John Vechey is one of three co-founders of PopCap games, a developer and distributor of numerous casual cross-platform titles.
Starting with Bejeweled in 2001, their games have been downloaded over 1 billion times and released over multiple platforms.
We caught up with John to ask him about the casual industry, the market and PopCap's upcoming push into console gaming.
Peggle was a break-through title that had cross-over appeal for both the casual and hardcore market. What was the secret to its success?
Well, we're one of the few companies that really goes cross-platform. We actually care a lot about games and try to just make great games, and the secret to that is really just saying, "We're going to just start with the best game possible."
Even though when making games we start with the PC, we're always thinking about how this game would work on other platforms.
For example, the ultimate platform for Bejeweled is a Palm Pilot type device where you've got a stylus. A game like Heavy Weapon works great on the Xbox, but it wasn't that great on the PC, so every game has its favourite platform.
Ultimately our trick is never a trick, but rather making a great game first. Because the nature of our games are a little bit simpler, they lend themselves to a bunch of different platforms.
You can't imagine World of Warcraft on your phone or a DS or anything like that, whereas you can imagine how Peggle would work on a phone and it would be a very similar game to the PC version.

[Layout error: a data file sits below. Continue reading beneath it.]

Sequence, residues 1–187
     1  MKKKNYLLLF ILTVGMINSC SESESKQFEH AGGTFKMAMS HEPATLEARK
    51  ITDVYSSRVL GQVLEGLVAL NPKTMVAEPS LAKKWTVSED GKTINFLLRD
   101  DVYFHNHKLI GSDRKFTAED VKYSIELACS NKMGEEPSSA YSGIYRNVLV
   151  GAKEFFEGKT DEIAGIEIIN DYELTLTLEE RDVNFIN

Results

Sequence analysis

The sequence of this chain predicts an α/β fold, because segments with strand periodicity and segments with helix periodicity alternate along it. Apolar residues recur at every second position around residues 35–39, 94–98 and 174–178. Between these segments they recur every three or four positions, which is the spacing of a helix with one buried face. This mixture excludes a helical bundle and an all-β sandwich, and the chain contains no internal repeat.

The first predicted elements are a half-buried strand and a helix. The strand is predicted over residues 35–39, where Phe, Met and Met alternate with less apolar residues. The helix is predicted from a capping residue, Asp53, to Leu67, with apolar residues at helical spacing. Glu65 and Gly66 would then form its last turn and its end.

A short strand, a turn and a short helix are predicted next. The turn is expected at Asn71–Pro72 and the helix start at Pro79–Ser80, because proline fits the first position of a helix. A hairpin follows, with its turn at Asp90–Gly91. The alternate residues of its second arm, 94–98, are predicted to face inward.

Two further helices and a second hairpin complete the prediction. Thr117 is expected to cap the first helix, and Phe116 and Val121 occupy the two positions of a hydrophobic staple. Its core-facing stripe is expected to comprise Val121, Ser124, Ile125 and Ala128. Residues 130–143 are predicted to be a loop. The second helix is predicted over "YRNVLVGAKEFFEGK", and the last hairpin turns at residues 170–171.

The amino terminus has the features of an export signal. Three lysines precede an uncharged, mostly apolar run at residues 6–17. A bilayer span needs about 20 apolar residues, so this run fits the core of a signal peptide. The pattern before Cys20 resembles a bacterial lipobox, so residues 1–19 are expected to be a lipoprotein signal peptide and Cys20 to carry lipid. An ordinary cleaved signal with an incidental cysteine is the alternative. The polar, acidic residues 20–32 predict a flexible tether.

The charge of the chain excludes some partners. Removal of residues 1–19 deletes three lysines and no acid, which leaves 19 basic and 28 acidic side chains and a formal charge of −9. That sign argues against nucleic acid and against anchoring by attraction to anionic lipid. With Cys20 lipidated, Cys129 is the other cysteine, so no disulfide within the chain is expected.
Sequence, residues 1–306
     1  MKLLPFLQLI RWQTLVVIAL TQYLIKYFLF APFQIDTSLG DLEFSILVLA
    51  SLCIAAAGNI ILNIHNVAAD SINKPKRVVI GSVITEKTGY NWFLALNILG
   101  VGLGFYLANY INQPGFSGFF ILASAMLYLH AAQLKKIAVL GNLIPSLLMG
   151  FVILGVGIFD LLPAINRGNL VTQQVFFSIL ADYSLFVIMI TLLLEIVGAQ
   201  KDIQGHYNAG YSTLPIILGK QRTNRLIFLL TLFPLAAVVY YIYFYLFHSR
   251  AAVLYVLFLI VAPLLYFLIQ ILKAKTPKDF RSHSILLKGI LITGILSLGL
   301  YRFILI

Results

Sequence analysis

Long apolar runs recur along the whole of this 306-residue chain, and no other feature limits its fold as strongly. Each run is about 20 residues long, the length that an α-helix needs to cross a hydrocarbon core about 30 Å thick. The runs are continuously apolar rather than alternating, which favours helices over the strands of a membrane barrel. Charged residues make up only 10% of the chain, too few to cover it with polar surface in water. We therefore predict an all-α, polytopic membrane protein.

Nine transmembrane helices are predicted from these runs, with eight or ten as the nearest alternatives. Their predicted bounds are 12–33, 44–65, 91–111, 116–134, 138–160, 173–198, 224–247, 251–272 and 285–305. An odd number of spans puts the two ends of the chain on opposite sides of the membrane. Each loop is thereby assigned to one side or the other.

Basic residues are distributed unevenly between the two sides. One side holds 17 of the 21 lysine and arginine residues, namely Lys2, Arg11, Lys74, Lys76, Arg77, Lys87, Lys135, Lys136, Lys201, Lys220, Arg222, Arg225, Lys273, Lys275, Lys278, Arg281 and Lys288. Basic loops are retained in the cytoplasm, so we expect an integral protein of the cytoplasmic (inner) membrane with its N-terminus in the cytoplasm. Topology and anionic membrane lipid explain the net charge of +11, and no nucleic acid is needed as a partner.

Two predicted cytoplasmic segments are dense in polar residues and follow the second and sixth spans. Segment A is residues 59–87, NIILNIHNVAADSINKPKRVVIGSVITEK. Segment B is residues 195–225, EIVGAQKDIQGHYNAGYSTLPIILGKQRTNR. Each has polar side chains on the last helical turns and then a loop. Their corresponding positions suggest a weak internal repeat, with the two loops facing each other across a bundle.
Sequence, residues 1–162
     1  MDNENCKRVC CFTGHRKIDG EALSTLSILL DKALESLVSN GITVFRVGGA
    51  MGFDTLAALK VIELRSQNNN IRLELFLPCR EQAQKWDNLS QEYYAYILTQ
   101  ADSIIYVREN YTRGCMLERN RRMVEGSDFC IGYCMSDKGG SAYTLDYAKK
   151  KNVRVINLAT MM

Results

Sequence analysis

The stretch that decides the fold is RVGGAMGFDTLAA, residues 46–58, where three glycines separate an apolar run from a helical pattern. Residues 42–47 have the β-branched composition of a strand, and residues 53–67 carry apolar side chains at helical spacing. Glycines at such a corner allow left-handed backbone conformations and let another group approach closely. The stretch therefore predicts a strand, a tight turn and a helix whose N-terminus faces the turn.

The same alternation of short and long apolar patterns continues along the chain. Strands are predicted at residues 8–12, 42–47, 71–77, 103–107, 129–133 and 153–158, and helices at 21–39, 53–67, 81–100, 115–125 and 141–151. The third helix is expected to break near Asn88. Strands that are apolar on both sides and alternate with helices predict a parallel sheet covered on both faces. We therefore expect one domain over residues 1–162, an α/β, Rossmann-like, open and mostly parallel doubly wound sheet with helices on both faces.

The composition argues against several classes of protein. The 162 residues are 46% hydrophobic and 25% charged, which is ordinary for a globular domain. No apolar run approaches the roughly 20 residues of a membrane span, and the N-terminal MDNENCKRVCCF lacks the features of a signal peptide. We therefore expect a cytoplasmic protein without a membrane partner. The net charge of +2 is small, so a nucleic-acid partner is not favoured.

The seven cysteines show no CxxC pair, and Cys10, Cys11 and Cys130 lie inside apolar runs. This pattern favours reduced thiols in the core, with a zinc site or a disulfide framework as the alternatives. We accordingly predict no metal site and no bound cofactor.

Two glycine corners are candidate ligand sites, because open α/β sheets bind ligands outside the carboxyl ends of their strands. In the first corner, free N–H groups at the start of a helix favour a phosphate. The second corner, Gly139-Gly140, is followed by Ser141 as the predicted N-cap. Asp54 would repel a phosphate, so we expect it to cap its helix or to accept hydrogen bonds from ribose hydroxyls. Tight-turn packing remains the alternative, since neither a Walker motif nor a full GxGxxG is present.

Do you feel constrained by the formula that Popcap has become synonymous with?
Not really. People often ask us if we're going to get into more hardcore games or bigger games and we always say no. And part of the reason is that even though I'm a hardcore game player and I love videogames, I actually find it really gratifying to make games that everyone can play.
It's just somehow artistically and professionally a lot more fun, and the cool thing is that we get to take this simple puzzle game genre, these casual games, and ask how we can put a lot of awesome elements into it.
For us, a lot of the fun comes from pushing the boundaries of what it means to make a simple game and make it really awesome and contain a lot of depth, but always make it so it never has a lot of complexity.
Do you find that Popcap games can reach the level of depth of the more traditional games you'd find on the Xbox 360?
I think we can destroy the depth of most Xbox and console games. It's arrogant to say, but I think that most of the games on the Xbox and PC aimed at hardcore gaming add complexity but they don't actually have depth.
I mean, the deepest game in the world is chess, and the more you play it the more you get out of it and the more you learn about it. There's a lot of games out there that are really complex, but they don't have much depth.
I think that's where hardcore gaming went wrong, when they started confusing complexity for depth. And that's one of the things we try and do with Peggle. We say, okay, what's the core mechanic that's really fun? Then we make it as deep as possible by having these extra characters and these extra power-ups.
It's got this random-based luck element to it, but it's how you manage that luck. It's similar to Poker. Poker isn't necessarily a random game, it's a skill based game that has a lot of depth, even though the basis is that it's a random number generator, and in some ways Peggle is the same.